One eyewitness, named only as Gerard, told the BBC: “I saw a geezer lying on the floor saying he’d been stabbed
“I saw these three Muslim guys run up and started stabbing this girl. They attacked her and stabbed another guy.
“They started running up the road, stabbed the bouncer at the Tavern.
“I was throwing bottles at them, pint glasses, stools, chairs, but I was defenceless.
“They were running up saying ‘this is for Allah’.
“They stabbed this girl maybe ten, 15 times. She was saying ‘help me, help me’.”
He claimed he had hit one of the attackers on the back of the head by throwing things at him, and was chased, but escaped unharmed.
Instapundit found a BBC report today, but the story actually originated last Fall.
The London Times reported last September 23rd:
It was an unremarkable Roman cemetery, containing the bodies of ordinary people. They lived and died on the banks of the Thames, making a living in the poorer and dirtier districts of Roman Londinium.
When an analysis of the skeletons came through, no one expected a result that could change our view of the history of Europe and Asia. But that is what they seem to have found, because two of the skeletons, dated to between the 2nd and 4th century AD, were Chinese.
Here at the most westerly point of the known world, in the cultural backwater of ancient Britain, lived people who came from its easternmost extremity. How did they get there?
To the Romans, the Chinese were a mysterious civilisation: technologically advanced, disquietingly powerful, and purveyors of, according to Seneca, obscene garments that corrupted the empireâ€™s womanhood. To the Chinese, the Romans were a moderately intriguing civilisation with, according to one account, weak and pliant rulers.
It would be 1,000 years before the travels of Marco Polo would help properly to bring the culture of the east to the people of the west. Now, though, that history has to be revised.
After the excavation of a cemetery in Southwark, new skull analysis techniques identified a multicultural community containing four people who were ethnically African and two Asian, probably Chinese.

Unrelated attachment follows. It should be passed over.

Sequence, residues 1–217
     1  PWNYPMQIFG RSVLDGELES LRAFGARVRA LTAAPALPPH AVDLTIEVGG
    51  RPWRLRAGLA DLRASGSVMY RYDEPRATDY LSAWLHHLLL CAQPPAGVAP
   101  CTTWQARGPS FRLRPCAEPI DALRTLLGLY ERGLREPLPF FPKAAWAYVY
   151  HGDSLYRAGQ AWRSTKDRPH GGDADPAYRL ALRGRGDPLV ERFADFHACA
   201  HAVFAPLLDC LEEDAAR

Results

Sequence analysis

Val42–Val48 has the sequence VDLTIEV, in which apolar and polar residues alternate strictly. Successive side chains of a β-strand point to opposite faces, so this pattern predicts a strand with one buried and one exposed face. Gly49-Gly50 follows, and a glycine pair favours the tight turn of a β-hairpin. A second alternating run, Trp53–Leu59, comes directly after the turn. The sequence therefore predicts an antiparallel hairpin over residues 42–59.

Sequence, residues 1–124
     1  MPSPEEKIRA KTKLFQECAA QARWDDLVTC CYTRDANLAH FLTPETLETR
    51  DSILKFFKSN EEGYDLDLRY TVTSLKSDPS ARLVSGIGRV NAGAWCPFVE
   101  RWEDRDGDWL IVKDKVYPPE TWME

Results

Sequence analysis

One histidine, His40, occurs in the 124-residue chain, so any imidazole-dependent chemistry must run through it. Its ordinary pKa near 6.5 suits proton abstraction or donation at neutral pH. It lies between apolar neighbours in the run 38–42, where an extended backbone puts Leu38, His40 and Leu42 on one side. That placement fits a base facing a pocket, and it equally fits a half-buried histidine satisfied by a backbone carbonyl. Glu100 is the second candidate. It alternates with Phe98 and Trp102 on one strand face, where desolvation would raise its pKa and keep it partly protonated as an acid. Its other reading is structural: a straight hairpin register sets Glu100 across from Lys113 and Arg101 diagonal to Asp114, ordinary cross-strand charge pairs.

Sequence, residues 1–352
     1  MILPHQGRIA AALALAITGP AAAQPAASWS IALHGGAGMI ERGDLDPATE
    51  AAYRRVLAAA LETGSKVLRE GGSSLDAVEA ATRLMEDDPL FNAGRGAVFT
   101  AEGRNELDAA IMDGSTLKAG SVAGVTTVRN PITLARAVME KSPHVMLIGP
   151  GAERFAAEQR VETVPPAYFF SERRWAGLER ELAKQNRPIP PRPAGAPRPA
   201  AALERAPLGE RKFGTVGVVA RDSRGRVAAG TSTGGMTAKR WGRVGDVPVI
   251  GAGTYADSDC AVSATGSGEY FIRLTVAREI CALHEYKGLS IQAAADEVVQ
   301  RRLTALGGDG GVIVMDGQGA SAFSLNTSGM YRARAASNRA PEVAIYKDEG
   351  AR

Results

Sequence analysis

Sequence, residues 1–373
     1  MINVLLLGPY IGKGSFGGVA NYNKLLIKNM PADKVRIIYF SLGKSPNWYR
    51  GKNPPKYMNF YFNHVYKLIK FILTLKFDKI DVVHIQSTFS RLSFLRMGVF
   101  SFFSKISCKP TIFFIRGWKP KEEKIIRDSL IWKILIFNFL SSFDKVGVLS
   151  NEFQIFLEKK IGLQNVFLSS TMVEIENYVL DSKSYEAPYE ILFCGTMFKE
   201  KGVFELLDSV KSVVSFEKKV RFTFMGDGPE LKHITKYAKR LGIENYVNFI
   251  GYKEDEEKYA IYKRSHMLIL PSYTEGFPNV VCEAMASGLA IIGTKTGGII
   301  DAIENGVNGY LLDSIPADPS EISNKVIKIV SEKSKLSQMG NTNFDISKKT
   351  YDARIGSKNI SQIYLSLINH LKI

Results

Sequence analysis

The find is spectacular but it is also mysterious, according to Rebecca Redfern from the Museum of London. She has no idea how they had ended up lying in this cemetery, so far from home.
Several British news outlets today ran a story with headlines about Chinese people in Roman Britain. While there is no doubt that the Roman Empire was cosmopolitan, and it is entirely likely that people of East Asian ancestry will be found in all parts of the Empire, we need to take a step back from the hype and look at the data.
The new study in question is by Rebecca Redfern and colleagues, out in the October issue of the Journal of Archaeological Science. The researchers looked at 22 skeletons from the Lant Street cemetery in the London borough of Southwark, dating to the 2nd-4th century AD. In order to figure out where people might be from, they examined oxygen isotopes from the teeth, carbon and nitrogen isotopes from the bones, and the shape of the skull, correlating those data where possible with burial evidence.
The data that Redfern and colleagues produced are really quite interesting. The oxygen isotope values, which were isolated from 19 of these people, range widely — too much to be explained by local variation in water sources. This means that many of them came to London from elsewhere, some time after childhood. Far fewer of the individuals produced good data for carbon and nitrogen analysis of diet — just half of the sample was testable, and those data reveal a diet similar to what was eaten in selected other parts of the Empire. (They did not compare the data to Rome itself, for example, only to Portus Romae, south-coastal Velia, and Herculaneum in Italy and to Leptiminus in Tunisia.)